Bolivian indigenous people walk in a protest demanding the right to have a say in decisions affecting their lands.

CNS PHOTO | DAVID MERCADO, REUTERS

Bolivian indigenous people walk in a protest demanding the right to have a say in decisions affecting their lands.

June 29, 2015
GLEN ARGAN
WESTERN CATHOLIC REPORTER

Consumerism and individualism have seriously eroded traditional cultures and sent society into "ethical and cultural decline," says Pope Francis.

An emphasis on economic growth has led to increased standardization through efforts to cut costs and simplify procedures, the pope said in a chapter on Integral Ecology in his encyclical On Care for Our Common Home.

The pope argues that all aspects of life are interrelated with the physical environment having an effect on social life.

Illegal drug use in affluent societies, for example, "creates a continual and growing demand for products imported from poorer regions, where behaviour is corrupted, lives are destroyed, and the environment continues to deteriorate."

Consumerism diminishes cultural variety, and merely technical solutions to problems leads to increasing uniformity, he said. Environmental exploitation can undo social structures that shape the cultural identity of a people.

Pope Francis paid tribute to indigenous people for whom "land is not a commodity but rather a gift from God and from their ancestors who rest there, a sacred space with which they need to interact if they are to maintain their identity and values."

When people's living environment is "disorderly, chaotic or saturated with noise and ugliness," human happiness can be undermined, he said.

Likewise, "In the unstable neighbourhoods of mega-cities, the daily experience of overcrowding and social anonymity can create a sense of uprootedness which spawns antisocial behaviour and violence."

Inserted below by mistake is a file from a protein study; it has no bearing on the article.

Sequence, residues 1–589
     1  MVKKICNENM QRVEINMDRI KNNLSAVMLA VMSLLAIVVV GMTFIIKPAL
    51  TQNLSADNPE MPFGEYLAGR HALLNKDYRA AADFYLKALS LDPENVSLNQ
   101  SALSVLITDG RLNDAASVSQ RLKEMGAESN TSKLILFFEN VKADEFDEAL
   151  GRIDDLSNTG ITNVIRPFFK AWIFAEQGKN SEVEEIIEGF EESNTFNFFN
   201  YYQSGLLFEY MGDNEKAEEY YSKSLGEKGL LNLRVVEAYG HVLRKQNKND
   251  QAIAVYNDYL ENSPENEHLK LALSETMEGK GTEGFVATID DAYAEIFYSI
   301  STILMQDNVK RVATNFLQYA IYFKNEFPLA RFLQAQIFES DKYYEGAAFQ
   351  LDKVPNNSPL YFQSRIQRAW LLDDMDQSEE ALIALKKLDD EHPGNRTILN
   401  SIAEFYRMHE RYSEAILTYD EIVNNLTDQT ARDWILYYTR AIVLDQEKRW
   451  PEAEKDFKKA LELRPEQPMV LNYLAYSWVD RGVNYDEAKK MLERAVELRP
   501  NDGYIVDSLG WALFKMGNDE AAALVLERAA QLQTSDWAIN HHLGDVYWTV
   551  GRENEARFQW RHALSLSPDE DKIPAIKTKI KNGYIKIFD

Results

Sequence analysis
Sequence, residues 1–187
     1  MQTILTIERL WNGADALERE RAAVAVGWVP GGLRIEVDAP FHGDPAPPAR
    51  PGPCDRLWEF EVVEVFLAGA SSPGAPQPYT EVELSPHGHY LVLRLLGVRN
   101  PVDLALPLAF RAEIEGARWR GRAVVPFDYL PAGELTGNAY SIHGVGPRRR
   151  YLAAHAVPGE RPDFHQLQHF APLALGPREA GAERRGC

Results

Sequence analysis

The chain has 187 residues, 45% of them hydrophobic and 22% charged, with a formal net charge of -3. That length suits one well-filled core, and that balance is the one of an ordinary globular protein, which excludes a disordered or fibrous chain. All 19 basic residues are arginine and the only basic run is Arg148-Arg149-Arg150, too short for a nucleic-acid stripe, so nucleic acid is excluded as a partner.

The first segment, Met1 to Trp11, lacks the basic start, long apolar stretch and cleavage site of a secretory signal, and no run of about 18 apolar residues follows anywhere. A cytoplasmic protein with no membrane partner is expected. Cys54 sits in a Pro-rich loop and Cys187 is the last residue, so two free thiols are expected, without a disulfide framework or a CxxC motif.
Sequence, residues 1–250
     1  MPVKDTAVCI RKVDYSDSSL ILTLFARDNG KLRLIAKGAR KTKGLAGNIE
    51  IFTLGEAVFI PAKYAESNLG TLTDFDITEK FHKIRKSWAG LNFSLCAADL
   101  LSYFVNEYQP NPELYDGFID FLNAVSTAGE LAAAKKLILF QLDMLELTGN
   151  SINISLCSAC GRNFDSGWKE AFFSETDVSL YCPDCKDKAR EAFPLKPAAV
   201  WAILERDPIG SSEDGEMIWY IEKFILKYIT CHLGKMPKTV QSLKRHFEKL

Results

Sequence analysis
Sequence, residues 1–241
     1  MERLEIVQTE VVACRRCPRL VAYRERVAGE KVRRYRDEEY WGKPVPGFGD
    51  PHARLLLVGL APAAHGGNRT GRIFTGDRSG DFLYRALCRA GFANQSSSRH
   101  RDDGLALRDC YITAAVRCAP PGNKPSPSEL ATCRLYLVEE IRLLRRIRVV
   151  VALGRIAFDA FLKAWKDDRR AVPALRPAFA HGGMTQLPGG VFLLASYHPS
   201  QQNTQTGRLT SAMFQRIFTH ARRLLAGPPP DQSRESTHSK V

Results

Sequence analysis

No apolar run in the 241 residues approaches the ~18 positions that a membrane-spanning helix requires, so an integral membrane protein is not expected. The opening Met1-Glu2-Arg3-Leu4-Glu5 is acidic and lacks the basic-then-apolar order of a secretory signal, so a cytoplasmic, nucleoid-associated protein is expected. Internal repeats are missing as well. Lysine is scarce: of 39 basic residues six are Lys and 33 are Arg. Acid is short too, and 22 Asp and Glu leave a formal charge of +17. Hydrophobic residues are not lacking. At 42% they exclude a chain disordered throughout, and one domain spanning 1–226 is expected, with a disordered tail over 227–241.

Yet, even in the midst of such conditions, he said, the poor are often able to create close and warm communities or to make the interior of their homes into comfortable environments.

Common areas, visual landmarks and urban landscapes which enhance people's sense of belonging deserve to be preserved, he said. People also need homes where they can raise their families and have a sense of personal dignity.

Pope Francis said valuing one's own body in its masculinity or femininity is a prerequisite to "an encounter with someone who is different." Cancelling out sexual difference "is not a healthy attitude."

"Learning to accept our body, to care for it and to respect its fullest meaning, is an essential element of any genuine human ecology."

Crucial also is the valuing of future generations, he said. Emphasizing humanity's common destiny makes sustainable development possible. It also broadens the scope of each person's interests.

"Once we start to think about the kind of world we are leaving to future generations, we look at things differently; we realize that the world is a gift which we have freely received and must share with others."